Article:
The three of them combined for 105 goals, which accounted for 45.1 percent of the team's total offence. The other 17 forwards that played at least multiple games for them this year mustered just 98 goals collectively. That's both a blessing and a curse because while it's great that they were that effective, it's also highly alarming to see a figure that heavily skewed towards just one line.  

It's also all you really need to know about this team. It's tough to properly explain what a strange viewing experience a Stars game is. When the three of them are out there, you get treated to hockey being played at the highest level. They move around the offensive zone beautifully, playing off of each other like they've been doing it their entire lives. 

Robertson and Pavelski are absolute wizards along the boards, craftily winning battles and extending possessions. They help open up a runway down the middle of the ice for Hintz to gallop through, making for a scintillating sight.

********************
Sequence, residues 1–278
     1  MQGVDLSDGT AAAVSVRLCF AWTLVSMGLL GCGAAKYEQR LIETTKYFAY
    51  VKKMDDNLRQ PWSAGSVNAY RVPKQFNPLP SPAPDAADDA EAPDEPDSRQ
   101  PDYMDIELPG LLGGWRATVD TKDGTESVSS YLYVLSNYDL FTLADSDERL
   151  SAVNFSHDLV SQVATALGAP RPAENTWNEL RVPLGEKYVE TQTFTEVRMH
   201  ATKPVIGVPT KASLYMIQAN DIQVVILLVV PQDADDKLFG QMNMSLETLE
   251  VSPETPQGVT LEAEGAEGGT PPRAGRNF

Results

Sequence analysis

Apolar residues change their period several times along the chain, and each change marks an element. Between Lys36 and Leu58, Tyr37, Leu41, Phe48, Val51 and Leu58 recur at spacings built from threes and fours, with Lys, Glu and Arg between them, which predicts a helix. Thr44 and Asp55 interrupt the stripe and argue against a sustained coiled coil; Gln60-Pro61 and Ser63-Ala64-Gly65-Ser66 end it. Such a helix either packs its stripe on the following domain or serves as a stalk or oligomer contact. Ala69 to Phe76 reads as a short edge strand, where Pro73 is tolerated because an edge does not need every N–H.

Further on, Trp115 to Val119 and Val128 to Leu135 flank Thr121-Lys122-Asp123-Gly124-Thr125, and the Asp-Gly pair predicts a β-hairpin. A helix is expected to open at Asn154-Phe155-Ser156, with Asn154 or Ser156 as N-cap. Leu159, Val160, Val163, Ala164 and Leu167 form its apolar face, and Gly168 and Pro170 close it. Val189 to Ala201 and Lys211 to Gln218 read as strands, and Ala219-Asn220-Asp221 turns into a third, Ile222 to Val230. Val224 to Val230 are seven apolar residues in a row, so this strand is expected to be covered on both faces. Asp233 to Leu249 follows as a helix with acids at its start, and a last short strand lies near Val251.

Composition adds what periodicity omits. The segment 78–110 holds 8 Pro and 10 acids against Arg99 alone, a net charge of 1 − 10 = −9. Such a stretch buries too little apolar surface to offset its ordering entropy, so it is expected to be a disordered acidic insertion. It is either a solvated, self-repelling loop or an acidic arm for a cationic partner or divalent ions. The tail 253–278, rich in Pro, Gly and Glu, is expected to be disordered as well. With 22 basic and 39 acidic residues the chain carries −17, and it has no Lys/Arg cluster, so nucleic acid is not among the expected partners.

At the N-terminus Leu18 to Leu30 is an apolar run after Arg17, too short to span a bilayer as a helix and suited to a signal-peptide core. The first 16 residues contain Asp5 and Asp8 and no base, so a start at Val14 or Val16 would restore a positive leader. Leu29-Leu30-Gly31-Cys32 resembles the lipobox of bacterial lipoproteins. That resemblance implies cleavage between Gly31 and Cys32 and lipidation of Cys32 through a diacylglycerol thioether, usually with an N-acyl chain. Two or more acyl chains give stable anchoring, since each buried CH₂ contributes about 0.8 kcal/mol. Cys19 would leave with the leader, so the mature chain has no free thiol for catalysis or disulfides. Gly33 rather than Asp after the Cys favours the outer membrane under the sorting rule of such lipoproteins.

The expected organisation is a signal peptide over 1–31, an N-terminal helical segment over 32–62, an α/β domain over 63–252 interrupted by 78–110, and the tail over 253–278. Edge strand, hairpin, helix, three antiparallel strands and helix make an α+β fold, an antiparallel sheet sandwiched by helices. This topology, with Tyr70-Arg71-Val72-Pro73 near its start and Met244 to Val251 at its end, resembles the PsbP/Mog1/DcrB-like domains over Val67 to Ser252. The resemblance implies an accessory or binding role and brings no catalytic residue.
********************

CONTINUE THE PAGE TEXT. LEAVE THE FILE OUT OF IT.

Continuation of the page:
But the second they get off the ice, the hopeless feeling that absolutely nothing is going to happen for the next couple of minutes just washes over you. You can't turn the channel because you want to see the top line do their thing all over again, but the bridge you have to go over to get there is just so bleak. 

RL: The Flames Perspective

The Flames are by no means a one-line team, but even if they were, that one line might be enough to drag a much worse roster to a playoff spot, at a bare minimum.

The trio of Johnny GaudreauElias Lindholm and Matthew Tkachuk played almost 964 minutes together at 5-on-5 and outscored opponents 73-31. Yes, that's a goals-for percentage north of 70. And while their expected-goals numbers weren't that good (these guys have the skill to score like crazy) the xGF% was still higher than 61 percent. Scoring-chance numbers are even better.

But if you add in any time those three spent on the ice, together or apart, the goal difference explodes to 105-44.